Is It Really That Hard to Field Judge Mule Deer?

We’ve all heard it, mule deer scores thrown around like everyone has a tape measure embedded in their eyeballs.  Post a picture or video of a buck, ask the score, and you’ll have people telling you the score within 1/8″  – it’s kinda’ laughable.  You’ll also get sets of scores from people that aren’t even close to one another.  One will say it’s 190″ buck and another will argue that it’s a 165″ buck.  Is it really that hard to judge a buck just by looking at it?  The answer is more complicated than yes or no.  Experience in the field behind optics and hands-on experience measuring bucks will surely help.

These tips will help you know what to look for when field judging bucks.  Use these tips to help you field score or just get an approximate estimate of the size class a buck is in, i.e. 150″ class, or 170″ class etc.  This information can be used as a decision tool to decide if you should spend the time and energy chasing a buck.  Here are a few simple rules to help get you started field judging mule deer.

Field Judging Mule Deer Like a Pro

Trust Your Gut

Excitement can be used as a measurement benchmark for hunters as much as the actual score of a buck’s antlers.  If a medium sized buck is in a tough spot, has unique characteristics and provides a challenge – then isn’t that as much a trophy as a larger buck taken under uninteresting or unchallenging circumstances?  Sometimes a first reaction is a good judge of a buck.  When you’re glassing and a buck comes into your field of view and the first thing that comes to mind is, “WOW” – then maybe trust your gut and go after him instead of trying to dissect every inch of his antlers.  With that being said, it’s also fun to field judge bucks by looking at clues that make up a big set of buck antlers.


For some, the holy grail of mule deer hunting is harvesting a 30″ wide buck.  The funny thing is, this outside spread is somewhat insignificant when it comes to scoring mule deer.  It’s certainly a cool characteristic, but it’s the inside spread that is measured as part of the Boone & Crockett scoring system.  The place of measurement is the widest part of the inside of the main beams.  On average, mule deer ears tip-to-tip are 19-22″ apart.  If you use the ears as a guide to judge antler spread, you can get in the ball park with a guesstimate.  For example, if you’re looking at a buck and estimate his inside antler spread is 1″ past his ears, assuming his ears are 21″ apart, then you can come up with an approximate inside spread of 23″.  Using this same method you can come up with an outside spread if you’d like also.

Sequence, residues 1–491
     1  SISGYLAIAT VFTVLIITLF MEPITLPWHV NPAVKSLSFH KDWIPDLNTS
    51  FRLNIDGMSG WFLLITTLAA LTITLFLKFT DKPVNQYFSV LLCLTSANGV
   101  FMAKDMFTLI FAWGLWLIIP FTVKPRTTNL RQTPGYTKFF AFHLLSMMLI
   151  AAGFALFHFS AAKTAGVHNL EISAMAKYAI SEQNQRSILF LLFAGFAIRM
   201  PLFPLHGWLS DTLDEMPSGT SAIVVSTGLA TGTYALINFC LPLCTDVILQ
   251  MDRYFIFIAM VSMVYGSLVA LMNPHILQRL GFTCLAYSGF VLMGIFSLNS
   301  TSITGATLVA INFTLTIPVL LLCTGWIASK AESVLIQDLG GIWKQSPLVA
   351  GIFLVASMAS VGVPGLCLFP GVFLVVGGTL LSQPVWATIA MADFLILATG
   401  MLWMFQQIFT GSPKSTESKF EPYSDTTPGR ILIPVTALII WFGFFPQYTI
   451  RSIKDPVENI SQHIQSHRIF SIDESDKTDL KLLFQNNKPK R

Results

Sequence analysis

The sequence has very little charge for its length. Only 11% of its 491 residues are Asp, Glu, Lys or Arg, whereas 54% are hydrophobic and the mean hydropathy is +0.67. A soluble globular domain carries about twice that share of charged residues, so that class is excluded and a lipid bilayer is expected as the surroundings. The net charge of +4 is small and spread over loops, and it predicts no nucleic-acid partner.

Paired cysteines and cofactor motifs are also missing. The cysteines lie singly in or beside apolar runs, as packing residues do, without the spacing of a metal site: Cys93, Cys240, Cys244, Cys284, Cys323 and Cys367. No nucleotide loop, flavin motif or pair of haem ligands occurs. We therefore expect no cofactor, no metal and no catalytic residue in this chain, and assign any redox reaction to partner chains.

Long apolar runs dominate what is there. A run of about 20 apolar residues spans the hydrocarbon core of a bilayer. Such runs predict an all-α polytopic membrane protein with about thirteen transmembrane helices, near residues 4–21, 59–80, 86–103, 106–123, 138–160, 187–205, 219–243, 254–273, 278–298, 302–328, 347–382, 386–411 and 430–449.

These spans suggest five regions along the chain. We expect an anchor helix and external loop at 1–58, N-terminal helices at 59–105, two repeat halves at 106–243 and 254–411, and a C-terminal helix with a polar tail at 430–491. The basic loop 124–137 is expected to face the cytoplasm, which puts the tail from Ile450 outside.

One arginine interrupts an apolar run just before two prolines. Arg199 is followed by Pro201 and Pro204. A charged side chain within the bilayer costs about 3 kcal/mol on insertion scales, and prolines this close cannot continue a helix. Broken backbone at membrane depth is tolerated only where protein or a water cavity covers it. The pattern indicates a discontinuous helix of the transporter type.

This is where measurements are taken for inside spread. PC: Clint Wirick, Muley Freak

Don’t be fooled by heavy mass that can make tines and width look smaller than they really are.


Don’t overlook this clue.  Although mass numbers can be one of the most consistent measurements from buck to buck, there are those exceptionally heavy antlered bucks and willowy antlered bucks that can add or take away from the buck’s score.  Mass can add up and make up for a smaller width measurement or even shorter tine length – so don’t overlook it.  Also, don’t be fooled by heavy mass that can make tines and width look smaller than they really are.  Again, the ears can be used as reference and comparing antler mass to the ear can give you a jumping-off point.  There are four mass measurements taken starting at the base and moving up the main beam.  If a buck carries mass up through the antler this will help it score well.